Neustadt an der Weinstraße
Neustadt is the administrative centre of Rheinhessen-Pfalz district. The city is located in the Weinstrasse (“Wine Route”), the centre of the German wine trade. Every year there is an annually Wine Festival (Hambacher Fest) .This festival is well well know because of the famous historical Hambacher Schloss.
Nowadays Neustadt is still an idyllic town. Downtown you can eat a local dish in numerous restaurants and if you drive up in the mountains you will find several wineries where you can stay and drink the local specialties. Thorsten, the owner of SperlConceptWinery welcomed us warmly and showed us our room (yes you can rent a beautiful room here in the vineyards!). With a view over the vineyards and two of the wines of Sperl Concept Winery we are in heaven. After we unpacked our suitcases we pour yourself a good glass of Riesling to celebrate our first holiday in Neustadt.
And ofcourse, we need to eat! Wouldn't it be a nice occasion to explore the local cuisine? Around 19.00 we walked through the vineyards and entered the little centre of the famous Weinstrasse. The vineyards are located up in the mountains. The vines love the lime rich deposits and have to dig deep to get nutritious. Some vines are more than 80 years old! We have the sun in our back, in a few hours the sun will go down behind the mountains behind us. On the horizon we see a few clouds which are creating shadows on the land. I guess we are so high that nature is making its own land paintings.
Walking down the stairs we are entering the winestreet of Neustadt. The buildings are pitoresc and covered with vine leaves. It's like time stands still for a while and makes you enjoy the scenery. Our restaurant called Fuxbau Weinstube & Vinothek is an restaurant with classical stone cellar walls and traditional German meals. During dinner we enjoyed Thorsten his new Amarone wine made out of Dornfelder grapes, which he dried for weeks.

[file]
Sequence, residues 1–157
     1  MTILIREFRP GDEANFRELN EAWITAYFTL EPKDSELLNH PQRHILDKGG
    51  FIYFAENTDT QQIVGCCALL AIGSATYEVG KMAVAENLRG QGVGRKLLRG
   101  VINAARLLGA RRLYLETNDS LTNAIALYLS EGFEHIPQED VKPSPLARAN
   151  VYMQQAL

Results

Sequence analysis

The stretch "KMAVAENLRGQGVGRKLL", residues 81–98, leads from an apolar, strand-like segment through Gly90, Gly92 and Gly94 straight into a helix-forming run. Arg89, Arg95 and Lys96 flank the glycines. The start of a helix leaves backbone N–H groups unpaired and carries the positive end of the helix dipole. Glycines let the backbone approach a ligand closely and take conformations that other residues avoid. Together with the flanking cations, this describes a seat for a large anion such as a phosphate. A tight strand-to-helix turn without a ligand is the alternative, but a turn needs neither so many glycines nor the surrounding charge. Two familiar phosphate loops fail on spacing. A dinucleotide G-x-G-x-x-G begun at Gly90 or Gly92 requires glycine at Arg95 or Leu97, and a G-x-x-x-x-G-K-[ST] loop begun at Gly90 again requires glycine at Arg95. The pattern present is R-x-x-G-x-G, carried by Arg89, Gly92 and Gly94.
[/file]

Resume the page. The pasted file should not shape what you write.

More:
Sperl Concept Winery
For Thorsten loves different kind of growing areas. In addition to his home growing area in the Pfalz, Thorsten also prefers the European growing areas in Italy, France, Spain and Switzerland. These areas are very interesting for him because after the harvest he can load the grapes into his refrigerated vehicle on site and drive them back home to his winery.
Thorsten: '' In Switzerland, the wines are made by me on site and imported as must because of the German wine law.''
''I got the idea for this when my wife was in Switzerland for work and we were invited to a wine hike together in Lavaux (a wine-growing region in the canton of Vaud in Switzerland on the northeastern shore of Lake Geneva). The vineyards are located directly above Montreux.
I was so fascinated by the growing area that I asked the winemaker on site if he would sell Gamay grapes so I could make a different kind of wine. It was possible so I then bought grapes and made my first Gamay wine. Gamay in France is used to make Beaujolais or Côtes du Rhône''
Thorsten: ''Gamay itself is a super interesting grape . The little brother of Pinot Noir, so to speak, grows in southern Burgundy and if you make this wine using traditional methods, as I intend to do, you get wonderfully structured wines .The nice thing about this wine is that it can be served with any dish. It is usually totally underestimated.''